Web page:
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Existentialism: A History
Existentialism is a philosophical school of thought that addresses the "problem of being" (Stanford Encyclopedia, 2010). Existentialist questions involve the nature of man in relation to the universe, the subjective nature of "I" versus the objective "we," the creation and measure of meaning in a world with no intrinsic meaning, standards of morality in the absence of Divine Law (God), and the creation and measure of success in a world with no intrinsic standard of success. While the term "Existentialism" is often related with the European cultural movement of the 1940s and 50s, in which thinkers the likes of John Paul Sartre and Simone de Beauvior rejected traditional institutions of self-description and traditional concepts of being in the world, it was the 19th century philosophers Kierkegaard and Nietzsche who inspired the reluctant "father" of Existentialism, Martin Heidegger, to first raise the question of the meaning of being (Stanford Encyclopedia, 2010).
In Being in Time (1927), Heidegger addresses the canopy theme of the meaning of being by breaking it down into the following sub-themes:
The tension of the subjective individual vs. The "public," i.e. The objective mass.
The reason for humanity's fascination with experiences of dread, fear, anxiety, and perceptions of nothingness.
The rejection of previously established institutions of understanding -- to include traditional philosophy and causality-based science -- as insufficient to address and comprehend the meaning of being for humanity.
The introduction of "authenticity" as the categorical norm of subjective self-identity.
The application of authenticity to concepts of freedom, choice, duty and commitment. (Heidegger, 1927).
Referencing Edmund Husserl's phenomenological method -- systematic reflection and analysis of the structures of consciousness -- Heidegger sought to reflect and analyze the structures of consciousness specific to human beings, which he believed to be possessed of a higher, or at any rate, different plane of consciousness than other beings. In order to understand this consciousness, and in turn answer the question of the meaning of being for human beings, Heidegger advocated the adoption of new framework of understanding, one that included aspects of traditional science and philosophy but also transcended the limitations of these traditional frameworks. Essentially, Heidegger claimed that thinking about human existence requires new categories not found in the conceptual repertoire of ancient or modern thought; human beings can be understood neither as substances with fixed properties, nor as subjects interacting with a world of objects. (Stanford Encyclopedia, 2010).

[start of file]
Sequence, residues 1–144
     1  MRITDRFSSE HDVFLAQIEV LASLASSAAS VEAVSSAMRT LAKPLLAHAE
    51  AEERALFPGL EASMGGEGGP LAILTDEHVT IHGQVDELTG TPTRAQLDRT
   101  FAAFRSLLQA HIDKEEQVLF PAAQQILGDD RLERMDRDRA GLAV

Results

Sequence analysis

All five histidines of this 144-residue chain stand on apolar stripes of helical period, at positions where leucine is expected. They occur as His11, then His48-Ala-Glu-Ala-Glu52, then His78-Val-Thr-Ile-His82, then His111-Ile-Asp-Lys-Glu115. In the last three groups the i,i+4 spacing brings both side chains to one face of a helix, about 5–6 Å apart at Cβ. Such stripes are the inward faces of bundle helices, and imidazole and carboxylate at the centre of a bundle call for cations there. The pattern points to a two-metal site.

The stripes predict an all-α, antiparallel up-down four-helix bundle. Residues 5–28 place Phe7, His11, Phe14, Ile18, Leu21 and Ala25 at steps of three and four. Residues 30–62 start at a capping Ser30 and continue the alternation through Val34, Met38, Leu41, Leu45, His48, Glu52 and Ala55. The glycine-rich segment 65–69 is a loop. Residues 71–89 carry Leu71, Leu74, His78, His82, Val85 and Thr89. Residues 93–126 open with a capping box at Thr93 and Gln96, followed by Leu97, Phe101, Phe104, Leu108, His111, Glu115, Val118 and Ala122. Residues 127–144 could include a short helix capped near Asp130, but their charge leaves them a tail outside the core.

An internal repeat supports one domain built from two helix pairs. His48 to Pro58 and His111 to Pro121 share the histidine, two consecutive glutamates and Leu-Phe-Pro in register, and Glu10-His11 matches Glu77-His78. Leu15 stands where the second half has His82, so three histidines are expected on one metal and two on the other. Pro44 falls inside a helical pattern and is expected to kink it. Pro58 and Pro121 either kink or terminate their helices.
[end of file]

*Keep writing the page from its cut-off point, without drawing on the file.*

In other words, while Heidegger did not deny the validity of scientific categories such as matter, force, function, and even causality, he believed them insufficient to describe the human species in all its complexities. Similarly, he rejected traditional categories of moral theory -- to include virtue, intention, duty, commitment and character -- as insufficient. "Existentialism,' therefore, may be defined as the philosophical theory which holds that a further set of categories, governed by the norm of authenticity, is necessary to grasp human existence" (Stanford Encyclopedia, 2010). It is not enough simply to think of human beings in terms of physical properties; neither is it enough to think of human beings as a collective species for whom the same is true of all members, as each member is a subjective individual whose "truth" -- i.e. authenticity -- is subjectively different. For Keirkegaard, the key to understanding the meaning of being for a human being lay in understanding this concept of authenticity.
In order to understand the meaning of authenticity, we must first understand how the Existentialist perceives man in relation to the world around him. Rather than simply reacting as one fixed property to a set of surrounding fixed properties -- i.e. circumstances and the actions of other beings -- Existentialists perceive man as an active agent in creating these circumstances, and insofar as how he reacts to them, creating himself. Man is both of the world and set apart from the world, insofar as man's creation of himself is both a response and a precedent of the world around him. Likewise, he is both of the mass and set against the mass, insofar as he is a part of the group of "man," yet he is also a singular man -- "I" -- that exists independent of the mass of man.